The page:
A hatchet sliced into Tillie Ziegler on March 29, 1889. The man holding the bloody murder weapon stood as William Kemmler. A jury found him guilty. A sentence stated that he should be put to death. As an uneducated swindler, Kemmler held onto bits and pieces of rage. For his crime, he would see that fury silenced as the first man to die from the electric chair.
My name is Ahmad Issa, and this is my true story about me and the justice system in the United States of America.
A gurney with a body rolls into the forensics laboratory. It has only expired a few minutes ago. It is the corpse of a monster. A male convicted of multiple counts of rape perished behind prison walls. Good riddance. The evil man had died at the James T. Vaughn Correctional Center in Smyrna, Delaware. He succumbed due to his cancer. For the rapes, the state sentenced him to life in prison with an additional twenty years. Fortunately, science silenced this brute. It’s only right that he should die behind bars rather than reach a parole date which would have been extremely difficult with his sentence.
What began as a public event soon became more private as executions were moved from outdoor gathering spaces to within prison walls. The death penalty has been in use in the United States since the mid-1600s. Early criminals were often put to death in front of jeering crowds who celebrated the act of execution. But the morbid desire to see people being killed was not diminished once executions were removed from public spaces. Crowds of people still clamored to gain entry to the exclusive events. The more publicized the crime, the more well-attended the execution.
First of all lets make clear that these are my views and only mine, also I warn that they require the correct attention and understanding otherwise I may come across as some kind of self-appointed king.
"Lord forgive them. They don't know what they are doing," those are the last words of convicted murderer Larry Swearingen. In July of 2000, a jury found Swearingen guilty of raping and murdering 19-year-old Melissa Trott. Crimes he adamantly denied committing, despite the "mountain of evidence" against him.
Note: This story contains accounts of murder, necrophilia, and cannibalism, each as disturbing and gory as the other.
Historically, society has attempted to discourage crime by making the punishment so horrible that nobody would want to take the risk of committing a crime. In an age where people aren’t afraid of death what can be done to scare them? What can we do in America where inmates consider lumpy potatoes to be "cruel and unusual punishment?"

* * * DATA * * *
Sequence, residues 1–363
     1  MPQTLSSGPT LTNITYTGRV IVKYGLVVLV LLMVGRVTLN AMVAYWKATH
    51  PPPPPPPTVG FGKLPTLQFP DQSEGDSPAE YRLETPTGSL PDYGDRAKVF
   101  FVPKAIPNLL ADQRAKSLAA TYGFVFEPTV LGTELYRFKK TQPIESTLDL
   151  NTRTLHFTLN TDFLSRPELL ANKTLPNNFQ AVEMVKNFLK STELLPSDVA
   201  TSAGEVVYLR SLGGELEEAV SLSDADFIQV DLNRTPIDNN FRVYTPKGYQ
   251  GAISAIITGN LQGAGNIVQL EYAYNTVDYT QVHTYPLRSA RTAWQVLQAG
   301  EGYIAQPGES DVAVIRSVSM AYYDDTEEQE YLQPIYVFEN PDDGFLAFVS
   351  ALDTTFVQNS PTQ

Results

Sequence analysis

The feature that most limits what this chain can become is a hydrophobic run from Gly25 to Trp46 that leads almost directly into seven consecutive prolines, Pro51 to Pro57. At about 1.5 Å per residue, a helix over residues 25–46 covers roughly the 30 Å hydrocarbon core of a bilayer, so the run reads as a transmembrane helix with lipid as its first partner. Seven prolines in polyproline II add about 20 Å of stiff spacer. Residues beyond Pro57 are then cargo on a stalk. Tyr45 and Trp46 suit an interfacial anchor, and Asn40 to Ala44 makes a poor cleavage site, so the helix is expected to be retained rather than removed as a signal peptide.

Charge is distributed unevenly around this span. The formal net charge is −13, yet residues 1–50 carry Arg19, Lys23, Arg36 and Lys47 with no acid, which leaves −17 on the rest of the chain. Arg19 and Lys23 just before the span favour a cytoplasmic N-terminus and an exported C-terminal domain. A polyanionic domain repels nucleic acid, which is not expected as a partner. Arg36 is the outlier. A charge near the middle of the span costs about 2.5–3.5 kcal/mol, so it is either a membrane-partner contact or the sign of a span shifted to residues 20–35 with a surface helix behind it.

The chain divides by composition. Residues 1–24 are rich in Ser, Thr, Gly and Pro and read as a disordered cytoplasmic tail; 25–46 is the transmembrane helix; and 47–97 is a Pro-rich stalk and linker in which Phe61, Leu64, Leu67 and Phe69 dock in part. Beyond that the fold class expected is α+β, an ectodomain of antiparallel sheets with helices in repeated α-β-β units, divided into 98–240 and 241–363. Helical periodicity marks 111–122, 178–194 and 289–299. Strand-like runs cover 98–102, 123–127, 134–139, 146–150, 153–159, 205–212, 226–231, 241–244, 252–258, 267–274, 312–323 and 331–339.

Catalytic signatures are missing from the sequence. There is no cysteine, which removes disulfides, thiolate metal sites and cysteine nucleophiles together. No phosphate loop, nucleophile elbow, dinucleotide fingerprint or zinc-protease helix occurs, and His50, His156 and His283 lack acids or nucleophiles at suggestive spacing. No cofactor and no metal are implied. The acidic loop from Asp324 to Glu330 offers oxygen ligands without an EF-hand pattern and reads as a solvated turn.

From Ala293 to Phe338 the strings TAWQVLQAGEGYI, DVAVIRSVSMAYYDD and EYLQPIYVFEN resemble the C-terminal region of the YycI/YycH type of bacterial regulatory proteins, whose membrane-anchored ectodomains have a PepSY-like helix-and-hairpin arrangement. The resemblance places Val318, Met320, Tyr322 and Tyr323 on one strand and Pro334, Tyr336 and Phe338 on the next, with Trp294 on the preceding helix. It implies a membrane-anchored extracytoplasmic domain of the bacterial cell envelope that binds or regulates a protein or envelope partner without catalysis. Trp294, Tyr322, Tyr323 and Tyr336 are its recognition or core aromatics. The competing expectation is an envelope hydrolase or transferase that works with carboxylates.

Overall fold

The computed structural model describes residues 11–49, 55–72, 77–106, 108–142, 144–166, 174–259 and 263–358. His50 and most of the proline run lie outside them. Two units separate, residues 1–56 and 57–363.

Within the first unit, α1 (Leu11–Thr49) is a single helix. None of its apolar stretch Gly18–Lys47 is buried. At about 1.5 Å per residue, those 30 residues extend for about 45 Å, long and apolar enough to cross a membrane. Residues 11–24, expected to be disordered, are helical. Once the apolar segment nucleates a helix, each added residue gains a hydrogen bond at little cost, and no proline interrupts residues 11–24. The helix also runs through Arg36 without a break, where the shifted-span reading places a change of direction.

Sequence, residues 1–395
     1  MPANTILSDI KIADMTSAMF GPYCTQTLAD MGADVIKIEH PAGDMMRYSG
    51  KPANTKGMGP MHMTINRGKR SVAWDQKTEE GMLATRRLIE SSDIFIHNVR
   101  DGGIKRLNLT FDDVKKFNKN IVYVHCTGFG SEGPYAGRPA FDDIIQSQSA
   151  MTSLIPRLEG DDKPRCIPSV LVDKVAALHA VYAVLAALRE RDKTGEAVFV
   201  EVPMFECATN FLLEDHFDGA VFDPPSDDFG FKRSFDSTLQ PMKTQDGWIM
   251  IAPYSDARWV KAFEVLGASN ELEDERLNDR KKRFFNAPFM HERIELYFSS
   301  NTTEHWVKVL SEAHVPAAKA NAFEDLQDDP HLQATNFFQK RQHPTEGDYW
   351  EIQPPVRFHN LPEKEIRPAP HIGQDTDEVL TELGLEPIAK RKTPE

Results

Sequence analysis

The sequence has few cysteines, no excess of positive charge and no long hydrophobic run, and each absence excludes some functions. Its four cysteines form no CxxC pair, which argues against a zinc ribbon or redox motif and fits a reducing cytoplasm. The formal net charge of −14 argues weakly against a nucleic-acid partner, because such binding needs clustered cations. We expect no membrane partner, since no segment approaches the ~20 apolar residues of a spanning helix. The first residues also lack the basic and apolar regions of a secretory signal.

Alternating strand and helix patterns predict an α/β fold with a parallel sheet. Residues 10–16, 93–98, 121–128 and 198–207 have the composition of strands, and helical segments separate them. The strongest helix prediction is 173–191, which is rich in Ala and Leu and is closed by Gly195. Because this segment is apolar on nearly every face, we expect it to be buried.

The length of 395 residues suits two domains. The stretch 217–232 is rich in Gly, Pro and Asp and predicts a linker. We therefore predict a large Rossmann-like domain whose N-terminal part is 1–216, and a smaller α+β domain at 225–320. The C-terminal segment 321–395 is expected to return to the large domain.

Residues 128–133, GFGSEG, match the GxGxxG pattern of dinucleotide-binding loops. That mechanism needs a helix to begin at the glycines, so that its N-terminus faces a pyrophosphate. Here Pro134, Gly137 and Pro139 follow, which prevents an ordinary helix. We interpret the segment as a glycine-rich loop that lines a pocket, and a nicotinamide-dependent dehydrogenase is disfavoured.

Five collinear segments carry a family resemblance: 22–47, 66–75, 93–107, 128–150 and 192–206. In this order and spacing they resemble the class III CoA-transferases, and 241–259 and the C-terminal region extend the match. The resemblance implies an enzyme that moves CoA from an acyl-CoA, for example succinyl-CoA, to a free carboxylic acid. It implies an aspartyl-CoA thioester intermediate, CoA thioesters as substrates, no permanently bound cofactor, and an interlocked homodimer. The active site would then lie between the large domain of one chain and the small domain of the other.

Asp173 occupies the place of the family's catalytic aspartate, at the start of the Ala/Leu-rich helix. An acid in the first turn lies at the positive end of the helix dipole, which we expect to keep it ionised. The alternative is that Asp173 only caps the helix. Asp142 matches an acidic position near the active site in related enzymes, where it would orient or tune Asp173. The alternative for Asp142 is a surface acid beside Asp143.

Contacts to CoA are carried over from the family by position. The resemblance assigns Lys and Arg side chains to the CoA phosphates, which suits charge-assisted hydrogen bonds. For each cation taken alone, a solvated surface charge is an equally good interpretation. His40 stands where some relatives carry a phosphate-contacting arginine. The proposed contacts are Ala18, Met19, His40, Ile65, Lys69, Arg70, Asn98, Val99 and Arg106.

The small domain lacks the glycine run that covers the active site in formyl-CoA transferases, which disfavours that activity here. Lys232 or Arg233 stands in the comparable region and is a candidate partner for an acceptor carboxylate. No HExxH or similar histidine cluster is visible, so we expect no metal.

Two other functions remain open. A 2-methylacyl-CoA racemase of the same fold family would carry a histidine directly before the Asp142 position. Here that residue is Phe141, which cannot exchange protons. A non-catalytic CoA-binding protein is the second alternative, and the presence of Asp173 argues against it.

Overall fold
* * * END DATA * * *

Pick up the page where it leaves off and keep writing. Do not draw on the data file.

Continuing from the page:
Any last words? Welcome to WatchMojo.com, and today we’re counting down our picks for the "Top 10 Executed Criminals’ Last Words."
It was scheduled that inmate Ricky Gray is expected to be executed on March 16, 2016. But, what would happen to his conviction if the lethal injection was no longer an option? The theory of the electric chair is an open discussion, but some Congressmen will argue that it is in violation of the Constitution for being deemed a cruel and unusual of punishment. How can that be when even some of the most well-known states (such as, Arizona, California, and Oklahoma) still legalize demeaning gas chambers? The State of Virginia challenges that notion by proposing a death row bill that will promote the opportunity to explore other choices on how to bring justice when the court system convicts a person to die. The state is trying to get previous techniques re-approved for death row inmates in response to the now crisis of the insufficient stock of deadly chemicals. If the bill provides too much of a controversy, then the Virginian Correctional Facilities will be forced to look for alternative sedatives in order to create a completely new lethal drug formula. One problem still remains as a prominent factor with the passing of this bill is that humanity as a whole does not entirely agree with the Capital Punishment Law. The people would rather see the law be terminated permanently. Even though it may not be the most humane method, the State of Virginia proposes that electrocution can be more efficient and practical than the reliability of obtaining the drugs used for lethal injections.